TARBORO, N.C. (AP) — Amanda Brown clutched a green folder with personal documents while she waited to speak to a FEMA representative along the banks of the river threatening to inundate her town.
She lives in Princeville, a historic town of about 2,000 that's considered one of the oldest chartered by blacks in the U.S. It was devastated in 1999 after Hurricane Floyd's torrential rains, and it has started flooding again after Hurricane Matthew.
Officials said water was flowing around a dike that protects the town, and aerial photos from Thursday show brown water surrounding many of homes and buildings. Still, forecasters and authorities are hopeful the river level will fall before causing a failure of the dike.
Brown and her fiance, David Corey, fear the worst for the mobile home where they live with their 7-year-old son.
"The water didn't come up 'til a day ago. We've been watching: No water in Princeville, no water in Princeville. Now, it's coming," she said, standing about 100 yards from an orange High Water sign and a cluster of law enforcement vehicles blocking a bridge into Princeville.
They don't have flood or renters' insurance, so they're hoping FEMA can reimburse them for clothes or food or hotel accommodations.
At a news conference Thursday afternoon, North Carolina Gov. Pat McCrory said Princeville was under water.
"We're going to have a lot of work to do," McCrory said. "We're going to have to rebuild a town."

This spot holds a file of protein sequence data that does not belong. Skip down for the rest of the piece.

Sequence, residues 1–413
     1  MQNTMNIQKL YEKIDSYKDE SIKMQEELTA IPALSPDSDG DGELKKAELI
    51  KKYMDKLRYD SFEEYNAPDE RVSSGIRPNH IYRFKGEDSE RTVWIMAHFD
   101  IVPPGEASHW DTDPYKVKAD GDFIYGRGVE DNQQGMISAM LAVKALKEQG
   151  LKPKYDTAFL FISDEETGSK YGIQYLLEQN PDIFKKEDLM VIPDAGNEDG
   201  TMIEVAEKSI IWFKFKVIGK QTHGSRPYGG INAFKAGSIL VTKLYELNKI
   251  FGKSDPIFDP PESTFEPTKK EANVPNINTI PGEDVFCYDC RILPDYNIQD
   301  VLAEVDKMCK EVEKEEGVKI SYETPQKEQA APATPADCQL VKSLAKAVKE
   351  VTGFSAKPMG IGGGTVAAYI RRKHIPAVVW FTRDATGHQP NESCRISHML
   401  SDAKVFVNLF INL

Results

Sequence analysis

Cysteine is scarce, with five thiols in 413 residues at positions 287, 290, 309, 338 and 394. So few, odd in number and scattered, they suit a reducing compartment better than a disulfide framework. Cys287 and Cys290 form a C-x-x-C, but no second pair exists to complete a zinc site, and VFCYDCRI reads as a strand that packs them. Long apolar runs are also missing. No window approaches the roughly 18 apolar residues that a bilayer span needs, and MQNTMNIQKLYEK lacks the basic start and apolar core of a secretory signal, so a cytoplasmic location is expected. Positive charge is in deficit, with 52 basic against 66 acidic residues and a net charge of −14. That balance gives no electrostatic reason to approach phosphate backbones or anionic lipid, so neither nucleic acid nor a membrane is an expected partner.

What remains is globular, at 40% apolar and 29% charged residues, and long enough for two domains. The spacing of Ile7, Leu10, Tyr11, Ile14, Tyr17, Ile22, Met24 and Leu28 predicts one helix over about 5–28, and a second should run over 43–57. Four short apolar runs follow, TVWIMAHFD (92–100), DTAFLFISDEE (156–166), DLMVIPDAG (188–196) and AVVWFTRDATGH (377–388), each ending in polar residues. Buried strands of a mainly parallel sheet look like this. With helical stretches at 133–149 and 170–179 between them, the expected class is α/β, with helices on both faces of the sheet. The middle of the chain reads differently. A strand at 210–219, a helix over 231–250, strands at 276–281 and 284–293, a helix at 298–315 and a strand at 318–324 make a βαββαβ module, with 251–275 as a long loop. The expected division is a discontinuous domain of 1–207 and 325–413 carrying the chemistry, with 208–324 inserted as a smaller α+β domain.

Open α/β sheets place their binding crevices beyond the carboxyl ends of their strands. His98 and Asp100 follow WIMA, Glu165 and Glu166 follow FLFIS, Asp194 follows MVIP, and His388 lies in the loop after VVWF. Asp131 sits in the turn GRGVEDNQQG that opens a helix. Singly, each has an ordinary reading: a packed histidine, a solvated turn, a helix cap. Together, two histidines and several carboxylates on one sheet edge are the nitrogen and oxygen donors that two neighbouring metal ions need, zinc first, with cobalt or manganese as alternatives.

The flooding triggered by heavy rain from Matthew — which killed more than 500 people in Haiti — has left at least 38 dead in the U.S.
McCrory said the number of power outages was down to about 55,000, from a high of nearly 900,000 when the storm hit last week. He reported the death toll climbed to 22.
But McCrory said flooding continues to be a major problem in poor areas in the eastern part of the state.
"It's a surreal experience to see this on a sunshiny day," McCrory said.
Theodore Rowe moved from Princeville to the outskirts of nearby Tarboro after Floyd hit in 1999. He said his current neighborhood hasn't flooded, and he came down to the river to see how high it had risen.
"I used to live in Princeville when Floyd came. That's why I left. I said I'd had enough of it," said the retired U.S. Marine Corps drill sergeant who has lived in the area for about 30 years. "The last time this happened, it was two weeks before we could get back. When we got back, the house had made a 180 degree turn. It faced the street, but when we went back, the back of it was facing the street."
Floyd roared ashore on Sept. 15, 1999, not long after another hurricane saturated the state. Two days later, the rising Tar River engulfed Princeville in water that was 20 feet deep near the town hall.
Princeville's history as one of the country's first towns created by freed slaves in 1865 helped boost a rebuilding effort. The Federal Emergency Management Agency gave $26 million to Princeville's residents and another $1.5 million to the town.
Brown grew up in the area, and her family's home in Tarboro flooded after Floyd. She later moved into Princeville, figuring that kind of flooding was a once-in-a-lifetime event.
"I mean, they say every hundred years. We're not close to it. It hasn't even been 20 years," said Brown, who works at a CenturyLink call center.